The best way to build up your creative toolbox is to experiment with new techniques, ideas and approaches. No doubt you’ll fall in love with some techniques and fail to see what all the fuss about is with others.
Either way, experimenting is a vital part of the creative process. Whether you’re messing around with pinhole cameras, 3D imaging or enjoying the delights of multiple exposures, your experiments will all serve to help you better understand the art, craft and science of photography.
It’s also good to get into the habit of asking yourself, “What would it look like if I did this?” The chances are that there will be a lot of failures, but occasionally you will discover something awesome that works brilliantly and also gives you something to build on.
6 photography techniques to try
Once you’ve mastered a technique the real art is knowing when and when not to use it. All too often photographers will use a technique, just for the sake of it, because it’s kind of cool, or gets lots of likes on social media. Those aren’t good reasons...
The best approach is to call on your repertoire of techniques and skills and make a technical, creative response that’s appropriate to your vision of the situation.
01 Slo-mo mojo
Using slow shutter speeds to capture milky water and silky clouds is an ever-popular technique. It’s a fiddly process to master, and there are lots of elements to get right (or wrong).
First, you’ll need a sturdy tripod and remote triggers. You’ll also need neutral-density filters, and you’ll have to calculate the extended exposure time. All of this can be plagued by wind vibration, shutter shake and myriad other frustrations. However, once you’ve nailed it, it does look cool and renders the world and captures time in a distinctly photographic way.
You should show restraint: Use slow-shutter techniques when it’s appropriate for your vision, not every time you see moving water!
Remember, you don’t always have to keep the camera steady: for an impressionistic effect, try using a slow shutter speed while hand-holding your camera or while panning.
02 Pinhole photography
It is possible to take a photograph without a lens, and it’s great fun using just a very small pinhole! There are many ways to enjoy this process: some photo-sensitive paper and an old tin can is a cheap and effective method; you can convert your digital camera’s body cap; or you can purchase specialist hand-made pinhole cameras. Not only is it fun and creative, but it will also help you understand some basic principles of photography.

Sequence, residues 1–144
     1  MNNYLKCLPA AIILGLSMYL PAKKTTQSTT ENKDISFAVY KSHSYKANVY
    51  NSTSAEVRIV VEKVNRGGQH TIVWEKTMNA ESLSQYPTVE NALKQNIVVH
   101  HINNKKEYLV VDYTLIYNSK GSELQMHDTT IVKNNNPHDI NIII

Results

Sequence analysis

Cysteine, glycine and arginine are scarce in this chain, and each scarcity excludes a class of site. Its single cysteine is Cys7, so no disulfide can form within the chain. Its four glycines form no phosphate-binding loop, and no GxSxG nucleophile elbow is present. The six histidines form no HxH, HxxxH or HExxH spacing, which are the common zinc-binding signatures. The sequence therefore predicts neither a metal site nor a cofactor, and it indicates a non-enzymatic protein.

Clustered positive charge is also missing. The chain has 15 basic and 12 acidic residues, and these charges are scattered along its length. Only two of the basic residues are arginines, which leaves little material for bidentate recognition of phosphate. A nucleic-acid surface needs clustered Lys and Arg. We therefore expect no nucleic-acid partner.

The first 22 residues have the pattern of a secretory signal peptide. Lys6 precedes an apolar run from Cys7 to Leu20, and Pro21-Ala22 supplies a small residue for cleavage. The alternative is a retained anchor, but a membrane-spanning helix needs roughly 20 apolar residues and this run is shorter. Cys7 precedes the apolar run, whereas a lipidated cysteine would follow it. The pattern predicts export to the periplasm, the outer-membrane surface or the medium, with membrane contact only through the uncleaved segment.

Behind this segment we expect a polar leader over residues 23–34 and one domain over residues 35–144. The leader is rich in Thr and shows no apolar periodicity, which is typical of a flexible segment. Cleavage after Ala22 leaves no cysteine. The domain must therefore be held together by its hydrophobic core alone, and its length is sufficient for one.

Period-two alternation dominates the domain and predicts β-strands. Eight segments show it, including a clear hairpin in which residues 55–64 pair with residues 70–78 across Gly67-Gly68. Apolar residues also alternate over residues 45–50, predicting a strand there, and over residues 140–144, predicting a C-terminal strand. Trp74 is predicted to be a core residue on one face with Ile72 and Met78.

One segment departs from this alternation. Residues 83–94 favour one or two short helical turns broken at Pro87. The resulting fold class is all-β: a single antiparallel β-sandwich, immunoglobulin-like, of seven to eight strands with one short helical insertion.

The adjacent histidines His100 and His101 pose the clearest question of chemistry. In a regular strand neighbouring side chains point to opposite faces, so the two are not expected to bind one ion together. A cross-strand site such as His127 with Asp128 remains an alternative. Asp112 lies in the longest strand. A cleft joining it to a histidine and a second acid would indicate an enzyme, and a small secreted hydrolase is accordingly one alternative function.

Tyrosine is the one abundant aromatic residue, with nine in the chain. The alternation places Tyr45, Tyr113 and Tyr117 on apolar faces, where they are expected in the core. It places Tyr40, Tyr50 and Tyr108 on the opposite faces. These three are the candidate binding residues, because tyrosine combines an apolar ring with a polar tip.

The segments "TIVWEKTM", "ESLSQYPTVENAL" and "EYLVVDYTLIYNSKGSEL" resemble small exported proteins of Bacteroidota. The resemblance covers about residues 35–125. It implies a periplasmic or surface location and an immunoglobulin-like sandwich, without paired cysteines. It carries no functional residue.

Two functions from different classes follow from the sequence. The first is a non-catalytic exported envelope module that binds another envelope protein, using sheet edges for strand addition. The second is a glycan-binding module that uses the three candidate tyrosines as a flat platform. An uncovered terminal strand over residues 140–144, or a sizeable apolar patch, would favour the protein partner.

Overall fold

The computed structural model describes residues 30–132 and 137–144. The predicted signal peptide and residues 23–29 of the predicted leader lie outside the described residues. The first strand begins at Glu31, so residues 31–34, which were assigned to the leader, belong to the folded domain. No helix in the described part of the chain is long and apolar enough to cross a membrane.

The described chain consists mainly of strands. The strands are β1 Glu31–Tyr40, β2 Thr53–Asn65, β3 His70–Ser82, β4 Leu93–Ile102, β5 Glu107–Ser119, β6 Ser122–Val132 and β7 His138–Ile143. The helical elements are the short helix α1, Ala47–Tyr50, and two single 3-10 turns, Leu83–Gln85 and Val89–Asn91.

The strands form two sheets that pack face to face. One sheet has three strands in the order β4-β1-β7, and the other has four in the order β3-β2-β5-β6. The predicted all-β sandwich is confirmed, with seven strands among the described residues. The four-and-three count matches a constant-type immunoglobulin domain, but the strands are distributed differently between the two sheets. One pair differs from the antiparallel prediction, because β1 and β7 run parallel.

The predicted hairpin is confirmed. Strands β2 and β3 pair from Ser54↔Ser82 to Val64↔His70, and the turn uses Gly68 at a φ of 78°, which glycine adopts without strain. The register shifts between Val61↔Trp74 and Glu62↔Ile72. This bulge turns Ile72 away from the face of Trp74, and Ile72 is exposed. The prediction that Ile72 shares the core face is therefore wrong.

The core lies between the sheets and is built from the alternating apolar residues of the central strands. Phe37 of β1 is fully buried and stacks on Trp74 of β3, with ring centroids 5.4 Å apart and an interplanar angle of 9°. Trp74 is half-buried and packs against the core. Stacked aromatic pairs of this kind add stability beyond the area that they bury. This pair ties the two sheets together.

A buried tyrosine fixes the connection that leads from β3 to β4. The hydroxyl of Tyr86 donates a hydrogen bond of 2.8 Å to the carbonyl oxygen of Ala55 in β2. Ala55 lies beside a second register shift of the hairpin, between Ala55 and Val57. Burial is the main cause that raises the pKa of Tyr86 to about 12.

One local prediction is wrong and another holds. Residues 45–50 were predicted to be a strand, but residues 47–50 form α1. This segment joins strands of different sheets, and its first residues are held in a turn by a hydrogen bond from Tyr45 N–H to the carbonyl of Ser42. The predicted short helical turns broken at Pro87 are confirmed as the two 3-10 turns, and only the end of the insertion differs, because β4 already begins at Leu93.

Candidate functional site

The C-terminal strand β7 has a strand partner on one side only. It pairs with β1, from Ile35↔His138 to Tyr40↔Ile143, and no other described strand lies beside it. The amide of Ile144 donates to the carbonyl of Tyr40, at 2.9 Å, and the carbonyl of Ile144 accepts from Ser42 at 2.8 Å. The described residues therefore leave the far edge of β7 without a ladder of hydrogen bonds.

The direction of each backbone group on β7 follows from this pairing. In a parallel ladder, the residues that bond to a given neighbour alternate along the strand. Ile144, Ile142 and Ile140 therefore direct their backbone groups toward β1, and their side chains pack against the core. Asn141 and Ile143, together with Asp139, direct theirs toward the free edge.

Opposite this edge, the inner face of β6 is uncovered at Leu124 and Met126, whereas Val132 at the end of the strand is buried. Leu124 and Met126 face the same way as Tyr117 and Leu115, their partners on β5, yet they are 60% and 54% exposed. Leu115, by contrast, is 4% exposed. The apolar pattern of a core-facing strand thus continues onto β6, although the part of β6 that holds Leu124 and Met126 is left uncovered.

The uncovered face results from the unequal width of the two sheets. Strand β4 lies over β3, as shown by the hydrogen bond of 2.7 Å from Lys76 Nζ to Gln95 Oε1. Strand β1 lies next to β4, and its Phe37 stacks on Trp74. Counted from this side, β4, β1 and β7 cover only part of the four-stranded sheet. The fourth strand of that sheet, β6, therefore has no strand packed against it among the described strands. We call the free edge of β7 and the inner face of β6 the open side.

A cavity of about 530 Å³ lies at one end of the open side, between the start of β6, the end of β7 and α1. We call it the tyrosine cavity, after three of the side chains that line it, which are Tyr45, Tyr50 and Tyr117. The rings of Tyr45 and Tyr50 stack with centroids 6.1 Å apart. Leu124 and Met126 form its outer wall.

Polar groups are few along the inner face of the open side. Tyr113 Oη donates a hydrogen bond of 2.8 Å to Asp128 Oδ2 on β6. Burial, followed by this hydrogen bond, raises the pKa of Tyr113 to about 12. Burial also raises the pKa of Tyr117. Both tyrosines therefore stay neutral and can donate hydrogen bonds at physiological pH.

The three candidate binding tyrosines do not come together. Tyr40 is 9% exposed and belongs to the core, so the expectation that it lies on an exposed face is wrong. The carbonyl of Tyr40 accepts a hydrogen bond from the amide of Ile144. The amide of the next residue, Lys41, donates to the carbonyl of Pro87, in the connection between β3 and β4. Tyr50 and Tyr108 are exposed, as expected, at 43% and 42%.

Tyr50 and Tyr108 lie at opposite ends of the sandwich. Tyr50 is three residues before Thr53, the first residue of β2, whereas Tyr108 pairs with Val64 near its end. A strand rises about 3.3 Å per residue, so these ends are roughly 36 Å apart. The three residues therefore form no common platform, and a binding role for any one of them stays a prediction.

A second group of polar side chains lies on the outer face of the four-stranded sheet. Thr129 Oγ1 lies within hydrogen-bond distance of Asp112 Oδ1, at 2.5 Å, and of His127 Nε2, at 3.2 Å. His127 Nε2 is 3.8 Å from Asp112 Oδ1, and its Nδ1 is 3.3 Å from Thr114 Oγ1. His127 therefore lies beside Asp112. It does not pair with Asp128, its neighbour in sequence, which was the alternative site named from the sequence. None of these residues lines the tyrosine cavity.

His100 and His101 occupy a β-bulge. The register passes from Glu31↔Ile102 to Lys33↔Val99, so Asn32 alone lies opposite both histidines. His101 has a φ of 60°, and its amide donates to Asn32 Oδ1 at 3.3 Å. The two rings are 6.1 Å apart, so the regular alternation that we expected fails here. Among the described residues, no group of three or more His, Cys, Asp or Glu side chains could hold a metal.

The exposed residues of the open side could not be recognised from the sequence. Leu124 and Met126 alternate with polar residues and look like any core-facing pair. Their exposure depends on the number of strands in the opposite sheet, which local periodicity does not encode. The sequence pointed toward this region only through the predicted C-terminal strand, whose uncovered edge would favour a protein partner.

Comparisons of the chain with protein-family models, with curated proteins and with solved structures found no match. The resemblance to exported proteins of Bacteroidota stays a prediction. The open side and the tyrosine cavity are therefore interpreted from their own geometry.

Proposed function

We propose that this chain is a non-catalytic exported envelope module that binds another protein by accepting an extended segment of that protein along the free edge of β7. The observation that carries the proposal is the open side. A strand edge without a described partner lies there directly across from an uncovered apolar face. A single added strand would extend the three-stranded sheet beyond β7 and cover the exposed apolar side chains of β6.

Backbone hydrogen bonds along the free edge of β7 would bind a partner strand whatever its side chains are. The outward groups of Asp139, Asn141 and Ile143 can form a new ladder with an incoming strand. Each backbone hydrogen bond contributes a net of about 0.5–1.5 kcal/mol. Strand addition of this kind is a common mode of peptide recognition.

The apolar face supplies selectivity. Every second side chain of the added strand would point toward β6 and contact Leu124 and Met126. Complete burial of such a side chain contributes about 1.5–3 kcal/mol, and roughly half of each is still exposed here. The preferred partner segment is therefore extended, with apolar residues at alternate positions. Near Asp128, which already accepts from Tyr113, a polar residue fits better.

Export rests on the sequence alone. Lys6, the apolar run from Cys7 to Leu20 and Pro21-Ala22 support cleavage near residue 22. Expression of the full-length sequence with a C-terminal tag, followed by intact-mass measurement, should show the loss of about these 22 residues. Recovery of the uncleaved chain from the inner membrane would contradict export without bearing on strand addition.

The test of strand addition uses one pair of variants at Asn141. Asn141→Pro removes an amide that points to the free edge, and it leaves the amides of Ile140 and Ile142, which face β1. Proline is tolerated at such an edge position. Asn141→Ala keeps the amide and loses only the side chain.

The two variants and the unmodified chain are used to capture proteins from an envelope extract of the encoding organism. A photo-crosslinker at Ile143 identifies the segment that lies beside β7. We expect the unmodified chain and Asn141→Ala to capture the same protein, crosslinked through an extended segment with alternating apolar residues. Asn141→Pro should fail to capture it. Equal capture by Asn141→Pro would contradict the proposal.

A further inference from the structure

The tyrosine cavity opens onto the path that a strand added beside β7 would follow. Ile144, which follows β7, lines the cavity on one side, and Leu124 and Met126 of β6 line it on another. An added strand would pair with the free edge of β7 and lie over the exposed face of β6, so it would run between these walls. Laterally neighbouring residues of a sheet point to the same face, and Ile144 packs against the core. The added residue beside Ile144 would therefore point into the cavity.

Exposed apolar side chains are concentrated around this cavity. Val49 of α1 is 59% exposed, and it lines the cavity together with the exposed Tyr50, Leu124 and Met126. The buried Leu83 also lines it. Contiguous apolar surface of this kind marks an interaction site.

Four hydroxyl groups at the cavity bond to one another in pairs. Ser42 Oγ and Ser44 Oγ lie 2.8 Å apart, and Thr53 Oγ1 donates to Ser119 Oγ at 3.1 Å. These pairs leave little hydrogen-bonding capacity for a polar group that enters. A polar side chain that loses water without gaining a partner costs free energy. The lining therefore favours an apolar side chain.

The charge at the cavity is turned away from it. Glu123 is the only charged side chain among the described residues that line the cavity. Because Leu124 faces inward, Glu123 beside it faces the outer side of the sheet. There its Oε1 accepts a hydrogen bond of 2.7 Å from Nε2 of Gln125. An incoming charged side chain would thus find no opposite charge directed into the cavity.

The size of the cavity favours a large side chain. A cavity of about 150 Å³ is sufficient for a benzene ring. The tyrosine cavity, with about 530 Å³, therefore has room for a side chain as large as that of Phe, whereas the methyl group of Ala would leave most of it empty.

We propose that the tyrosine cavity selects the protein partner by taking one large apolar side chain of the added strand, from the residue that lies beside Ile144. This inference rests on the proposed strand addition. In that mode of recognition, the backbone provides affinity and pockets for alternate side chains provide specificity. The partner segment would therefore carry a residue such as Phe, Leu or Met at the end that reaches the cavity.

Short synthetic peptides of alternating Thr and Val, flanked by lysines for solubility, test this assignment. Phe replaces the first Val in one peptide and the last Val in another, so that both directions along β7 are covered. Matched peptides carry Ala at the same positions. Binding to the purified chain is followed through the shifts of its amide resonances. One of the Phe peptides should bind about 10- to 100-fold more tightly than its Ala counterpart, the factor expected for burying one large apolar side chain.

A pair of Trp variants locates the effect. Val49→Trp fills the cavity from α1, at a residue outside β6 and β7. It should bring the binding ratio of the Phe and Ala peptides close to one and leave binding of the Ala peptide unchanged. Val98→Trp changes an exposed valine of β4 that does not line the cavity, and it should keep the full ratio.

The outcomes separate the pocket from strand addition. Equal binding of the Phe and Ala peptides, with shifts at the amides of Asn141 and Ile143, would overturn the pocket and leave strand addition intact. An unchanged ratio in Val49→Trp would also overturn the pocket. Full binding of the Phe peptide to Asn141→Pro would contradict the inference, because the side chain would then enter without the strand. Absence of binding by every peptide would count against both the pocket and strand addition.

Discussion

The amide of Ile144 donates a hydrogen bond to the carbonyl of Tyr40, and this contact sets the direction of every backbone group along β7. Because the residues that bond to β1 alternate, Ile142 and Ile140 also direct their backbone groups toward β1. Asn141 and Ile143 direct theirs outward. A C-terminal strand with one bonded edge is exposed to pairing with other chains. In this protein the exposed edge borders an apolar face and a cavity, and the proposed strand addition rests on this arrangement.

• Pinhole photography: make your own pinhole camera (opens in new tab)
Consider using a slow shutter: a pinhole is typically very small, so exposure times will be very long – you’ll need to keep your camera steady.
Pinhole photography is slow and simple, there's a little bit of trial and error involved. Don’t rush it: have fun and enjoy the process. Think about the composition: It will be a challenge with a film-based pinhole camera to frame your image, as there’s no viewfinder.
03 On-camera flash
On-camera flash has been used in this shot and it wouldn’t typically be considered an ‘appropriate’ way to photograph in the landscape. However, in the spirit of experimentation, it’s good to ask yourself: “Why not? And what would it look like if I used flash?”
Remember that the flash helps define the crisp, graphic shape of the leaves, and the hard shadow emphasizes their sharpness. Experiment with flash power settings to get the right balance between foreground and background.
• Best flashgun or strobe (opens in new tab)
04 3D anaglyph
Why not add another dimension to your photography? Simply take two consecutive photos, moving your camera a centimeter or so to the left or right between shots. Merge the images as layers in one Photoshop file, and change the Layer Style Blending options to create the red/cyan offset look. Put on some red / cyan 3D glasses, and… bingo!
05 Multiple exposure
Most digital cameras will allow you to shoot multiple exposures in-camera; some will restrict you to just two images, while others offer many more. Either way, the layering of images on top of one another is great fun. Here, 10 images of trees were stacked together in-camera using multiple exposures, in an attempt to capture the energy of the wind.
A top tip is to start by just layering two images, so you have a good sense of how the images blend.
• Multiple exposure: Shoot a double exposure in-camera (opens in new tab)
• How to create a double exposure in Photoshop Elements (opens in new tab)
06 Abstract composition
Creating an image that is non-representative of a specific place, object or person is a great way to flex your creative muscles and hone your eye. Colors, tones, shapes and textures can all be used to great effect; while not specifically representative, they may serve well to evoke a mood or emotion. This image is of the side of a ship... but it’s not about the ship – it’s about color and shape.
When you're looking at a scene, try to isolate parts of it so it’s not obviously clear what it is you’re looking at.
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